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Hanover ‘Institution’ Everything But Anchovies Abruptly Closes Its Doors After 38 Years

  • Amanda Dowd-DeRoy of EBAs talks with customer Schuyler Cyrus, of Hanover, N.H., on May 16, 2017. The restaurant had just announced it has closed. Cyrus said he had been coming to the restaurant since he was 4, "I pretty much grew up here," he said. (Valley News - Jennifer Hauck) Copyright Valley News. May not be reprinted or used online without permission. Send requests to permission@vnews.com.

  • Customers pick up free T-shirts outside Everything But Anchovies in Hanover, N.H., on May, 16, 2017. The long established restaurant announced it has closed. (Valley News - Jennifer Hauck) Copyright Valley News. May not be reprinted or used online without permission. Send requests to permission@vnews.com.

  • Amanda Dowd-DeRoy of EBA's smoothes out T-shirts the restaurant was giving away in Hanover, N.H., on May 16, 2017. EBAs announced that they are now closed. (Valley News - Jennifer Hauck) Copyright Valley News. May not be reprinted or used online without permission. Send requests to permission@vnews.com.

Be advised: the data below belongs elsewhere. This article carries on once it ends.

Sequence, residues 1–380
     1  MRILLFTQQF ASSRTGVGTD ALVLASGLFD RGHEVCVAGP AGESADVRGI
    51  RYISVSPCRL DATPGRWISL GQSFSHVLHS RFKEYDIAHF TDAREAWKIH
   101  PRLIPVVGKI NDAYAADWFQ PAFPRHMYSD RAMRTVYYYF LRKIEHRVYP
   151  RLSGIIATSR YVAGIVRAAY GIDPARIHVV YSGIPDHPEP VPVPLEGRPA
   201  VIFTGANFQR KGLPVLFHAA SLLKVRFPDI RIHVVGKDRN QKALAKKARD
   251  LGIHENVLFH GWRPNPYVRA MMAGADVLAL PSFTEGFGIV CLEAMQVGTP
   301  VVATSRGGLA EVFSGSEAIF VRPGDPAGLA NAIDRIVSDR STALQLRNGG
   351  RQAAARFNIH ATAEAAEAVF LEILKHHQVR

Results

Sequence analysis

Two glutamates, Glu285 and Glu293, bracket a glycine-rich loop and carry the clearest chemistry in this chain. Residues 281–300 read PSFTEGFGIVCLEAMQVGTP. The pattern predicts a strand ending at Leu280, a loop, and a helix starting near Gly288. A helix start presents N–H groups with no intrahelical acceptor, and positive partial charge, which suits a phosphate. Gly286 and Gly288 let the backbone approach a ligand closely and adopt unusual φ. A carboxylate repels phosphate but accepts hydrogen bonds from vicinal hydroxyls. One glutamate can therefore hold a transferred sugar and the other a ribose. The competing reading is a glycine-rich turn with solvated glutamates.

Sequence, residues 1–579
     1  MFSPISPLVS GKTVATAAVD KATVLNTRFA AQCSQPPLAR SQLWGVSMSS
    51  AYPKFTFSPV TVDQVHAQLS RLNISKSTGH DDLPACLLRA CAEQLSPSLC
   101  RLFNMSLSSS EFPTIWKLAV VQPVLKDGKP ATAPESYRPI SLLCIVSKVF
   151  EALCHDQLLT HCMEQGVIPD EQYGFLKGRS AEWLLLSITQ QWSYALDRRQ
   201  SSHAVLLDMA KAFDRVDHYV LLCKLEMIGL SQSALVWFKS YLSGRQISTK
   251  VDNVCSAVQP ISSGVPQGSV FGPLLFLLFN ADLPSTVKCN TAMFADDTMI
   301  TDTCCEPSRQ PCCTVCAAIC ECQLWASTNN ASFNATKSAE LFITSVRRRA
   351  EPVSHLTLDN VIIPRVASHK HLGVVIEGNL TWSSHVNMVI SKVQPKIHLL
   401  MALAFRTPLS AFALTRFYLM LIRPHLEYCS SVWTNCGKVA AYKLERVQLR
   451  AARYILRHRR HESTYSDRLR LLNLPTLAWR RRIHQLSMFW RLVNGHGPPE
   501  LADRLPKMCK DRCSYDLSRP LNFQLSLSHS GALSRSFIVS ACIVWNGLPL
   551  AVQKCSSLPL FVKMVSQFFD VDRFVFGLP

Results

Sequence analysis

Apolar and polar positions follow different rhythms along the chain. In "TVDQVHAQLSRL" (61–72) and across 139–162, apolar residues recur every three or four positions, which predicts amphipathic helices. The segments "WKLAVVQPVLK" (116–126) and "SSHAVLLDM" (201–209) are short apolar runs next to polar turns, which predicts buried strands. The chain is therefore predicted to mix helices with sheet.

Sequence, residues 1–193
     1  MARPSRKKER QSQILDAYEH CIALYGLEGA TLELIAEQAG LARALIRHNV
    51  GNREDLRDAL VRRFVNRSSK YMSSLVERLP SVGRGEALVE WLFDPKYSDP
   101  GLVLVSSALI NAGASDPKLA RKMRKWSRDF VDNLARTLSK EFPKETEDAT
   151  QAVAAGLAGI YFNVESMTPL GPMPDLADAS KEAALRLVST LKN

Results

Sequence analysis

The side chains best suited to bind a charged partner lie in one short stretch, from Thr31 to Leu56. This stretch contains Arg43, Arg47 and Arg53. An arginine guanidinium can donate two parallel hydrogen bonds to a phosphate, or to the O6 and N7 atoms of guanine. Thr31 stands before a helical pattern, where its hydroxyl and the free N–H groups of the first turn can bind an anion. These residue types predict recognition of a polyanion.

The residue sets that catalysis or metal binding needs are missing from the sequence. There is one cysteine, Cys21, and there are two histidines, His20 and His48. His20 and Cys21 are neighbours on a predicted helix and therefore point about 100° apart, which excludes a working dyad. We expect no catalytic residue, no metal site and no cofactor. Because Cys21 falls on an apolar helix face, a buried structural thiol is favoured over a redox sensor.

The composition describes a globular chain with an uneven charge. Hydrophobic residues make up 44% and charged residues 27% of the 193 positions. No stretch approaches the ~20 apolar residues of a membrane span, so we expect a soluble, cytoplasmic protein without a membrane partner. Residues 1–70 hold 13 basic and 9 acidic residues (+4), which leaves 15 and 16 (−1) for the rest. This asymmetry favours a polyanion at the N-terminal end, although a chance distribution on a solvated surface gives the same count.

• Oleg Lukashenko, right, passes Mark Tuthill on his way out the door with a delivery from Everything But Anchovies in Hanover, N.H., on Feb. 3, 2008. Tuthill, the restaurant's nighttime expeditor, is in charge of organizing the food orders. (Valley News - Jason Johns) Copyright Valley News. May not be reprinted or used online without permission. Send requests to permission@vnews.com.



Valley News Staff Writer
Tuesday, May 16, 2017

Hanover — The owner of Everything But Anchovies, the pizza shop that has fed generations of Dartmouth College students and Hanover shoppers, has closed the restaurant’s doors for good.

EBAs President Maureen Bogosian said the decision to pull the plug on the pizza restaurant, which has been on Allen Street in downtown Hanover for 38 years, was made early this morning. It came with little warning to patrons and employees.

“It was a tough decision, but it was a smart decision,” Bogosian said outside of the restaurant this afternoon.

She declined to discuss why EBAs closed, but said there were “multiple reasons.” Earlier this month, she told The Dartmouth that a Domino’s Pizza restaurant, which opened in West Lebanon last fall, had cut into EBAs’ late-night deliveries by about 20 percent from the midnight to 1 a.m. hour.